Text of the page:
Susie and I went to the First Friday potluck at church on–when else?–Friday evening.  We were invited to a soccer game at Crew Stadium (against FC Dallas), but declined.  I am not a sports fan, and neither is Susie, plus we were under-dressed.  By the time the game ended, the temperature would have been in the 30s.  Susie was already starting to nod off as we were on the bus headed to church, and I wasn’t surprised when she headed straight to bed once we came home, save for a cursory glance at her email.

Pat took me to lunch at the Saigon Palace Friday afternoon, and the sesame chicken meal was filling enough that I debated not eating anything at First Friday.

Susie’s godmother Cynthia took her to Cirque de la Symphonie last night at the Ohio Theater.  I ate dinner at the McDonald’s on campus, and was so wiped out that I considered taking the bus the 1.3 miles.  But I didn’t.  I hoofed it the entire way, and even made the trip a little longer by using side streets and back alleys, instead of going all the way to High St. and walking north.  (I know how contradictory it sounds–walk a mile to eat fast food.  It’s like running a marathon where the prize is a carton of cigarettes.)  I nursed a few Diet Cokes, read a chapter of Secrets Can Be Murder, and wrote in my diary, and made sure I was home before Cynthia and Susie returned.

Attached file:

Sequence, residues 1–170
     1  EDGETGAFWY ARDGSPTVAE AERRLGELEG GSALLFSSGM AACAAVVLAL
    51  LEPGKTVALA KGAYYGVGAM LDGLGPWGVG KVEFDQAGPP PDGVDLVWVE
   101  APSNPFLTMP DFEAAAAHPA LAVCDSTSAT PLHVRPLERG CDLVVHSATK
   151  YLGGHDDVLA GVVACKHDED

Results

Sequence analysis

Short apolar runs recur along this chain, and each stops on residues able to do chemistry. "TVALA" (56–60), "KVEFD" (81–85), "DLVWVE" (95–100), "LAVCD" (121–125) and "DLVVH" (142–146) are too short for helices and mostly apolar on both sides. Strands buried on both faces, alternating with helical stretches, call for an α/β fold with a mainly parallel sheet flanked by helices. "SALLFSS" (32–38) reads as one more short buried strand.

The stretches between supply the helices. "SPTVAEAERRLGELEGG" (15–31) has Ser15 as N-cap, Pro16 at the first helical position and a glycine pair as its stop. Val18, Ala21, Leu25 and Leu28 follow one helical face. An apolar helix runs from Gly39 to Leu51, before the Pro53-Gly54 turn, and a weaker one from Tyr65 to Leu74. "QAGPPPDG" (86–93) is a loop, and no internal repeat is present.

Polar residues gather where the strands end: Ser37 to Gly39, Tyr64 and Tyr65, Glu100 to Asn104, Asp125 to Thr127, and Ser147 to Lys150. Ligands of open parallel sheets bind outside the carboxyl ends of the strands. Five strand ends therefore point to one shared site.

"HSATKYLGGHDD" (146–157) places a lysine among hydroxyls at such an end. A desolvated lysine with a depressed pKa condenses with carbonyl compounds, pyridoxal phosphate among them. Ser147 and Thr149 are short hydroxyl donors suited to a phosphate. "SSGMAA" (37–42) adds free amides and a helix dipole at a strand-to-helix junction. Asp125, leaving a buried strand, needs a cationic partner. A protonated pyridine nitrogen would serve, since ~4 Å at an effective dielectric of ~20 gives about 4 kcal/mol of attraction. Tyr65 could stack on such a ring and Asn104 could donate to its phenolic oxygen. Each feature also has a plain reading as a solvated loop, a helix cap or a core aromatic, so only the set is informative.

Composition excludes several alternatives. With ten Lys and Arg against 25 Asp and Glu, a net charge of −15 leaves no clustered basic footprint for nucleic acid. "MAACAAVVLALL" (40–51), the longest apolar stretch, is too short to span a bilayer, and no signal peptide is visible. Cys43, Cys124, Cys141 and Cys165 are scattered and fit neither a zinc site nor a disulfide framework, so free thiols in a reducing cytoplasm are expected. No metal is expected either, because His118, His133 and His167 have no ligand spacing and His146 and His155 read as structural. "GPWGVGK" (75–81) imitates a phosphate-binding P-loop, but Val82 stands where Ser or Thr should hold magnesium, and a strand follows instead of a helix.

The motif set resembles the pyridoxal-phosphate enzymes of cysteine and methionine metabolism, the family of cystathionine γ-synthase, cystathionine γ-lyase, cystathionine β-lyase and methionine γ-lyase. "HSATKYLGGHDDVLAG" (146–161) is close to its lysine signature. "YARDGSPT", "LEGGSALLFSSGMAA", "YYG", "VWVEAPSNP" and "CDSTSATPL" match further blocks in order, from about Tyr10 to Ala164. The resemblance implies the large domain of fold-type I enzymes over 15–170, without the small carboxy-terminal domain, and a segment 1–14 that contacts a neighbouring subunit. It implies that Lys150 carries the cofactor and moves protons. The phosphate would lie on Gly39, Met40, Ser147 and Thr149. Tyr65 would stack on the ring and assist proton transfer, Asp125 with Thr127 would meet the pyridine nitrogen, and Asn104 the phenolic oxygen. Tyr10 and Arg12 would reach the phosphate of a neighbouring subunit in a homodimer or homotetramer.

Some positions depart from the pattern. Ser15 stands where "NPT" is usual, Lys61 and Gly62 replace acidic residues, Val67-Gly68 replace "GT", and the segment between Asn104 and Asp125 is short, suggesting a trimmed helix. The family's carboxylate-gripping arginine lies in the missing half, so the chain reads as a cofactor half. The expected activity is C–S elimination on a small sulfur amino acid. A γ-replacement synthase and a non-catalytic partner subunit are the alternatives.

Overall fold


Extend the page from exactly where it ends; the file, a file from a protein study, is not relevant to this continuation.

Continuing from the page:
Next Saturday will be my last bookselling day, until spring quarter winds down at the beginning of June.  I have accounts at SnagAJob.com and other job-search sites, looking for part-time work, but I’m not sure just how much my heart is really in it.  I’m pleasantly surprised by how much I’m enjoying the bookstore job.  As I apply for part-time jobs, my attitude resembles a line I read in an old “Family Circus” cartoon.  The friend of one of the boys in the comic says, “Go ask your mom if we can play on the roof!”  The little boy reluctantly walks toward the house, saying, “Okay, but I hope she says no.”

I switched my Facebook status to “single” just before Steph departed for Florida.  We are still married in the eyes of the law, but we are, at best, roommates right now.  We posted a joint letter last fall about our intention to divorce, both as a Google document and as a Note on Facebook, but I could tell that not everyone had seen it.  A co-worker of mine, who is also a Facebook friend, asked me about my new status when she saw me at work the other day.  I knew that she did not know about our divorce plans–she hadn’t read the letter.  I could tell because it wasn’t common knowledge around the agency within minutes.  (In 1948, Tex Williams recorded the song “Don’t Telephone, Don’t Telegraph, Tell a Woman”, saying this was the fastest way to spread news.  Dated but true.)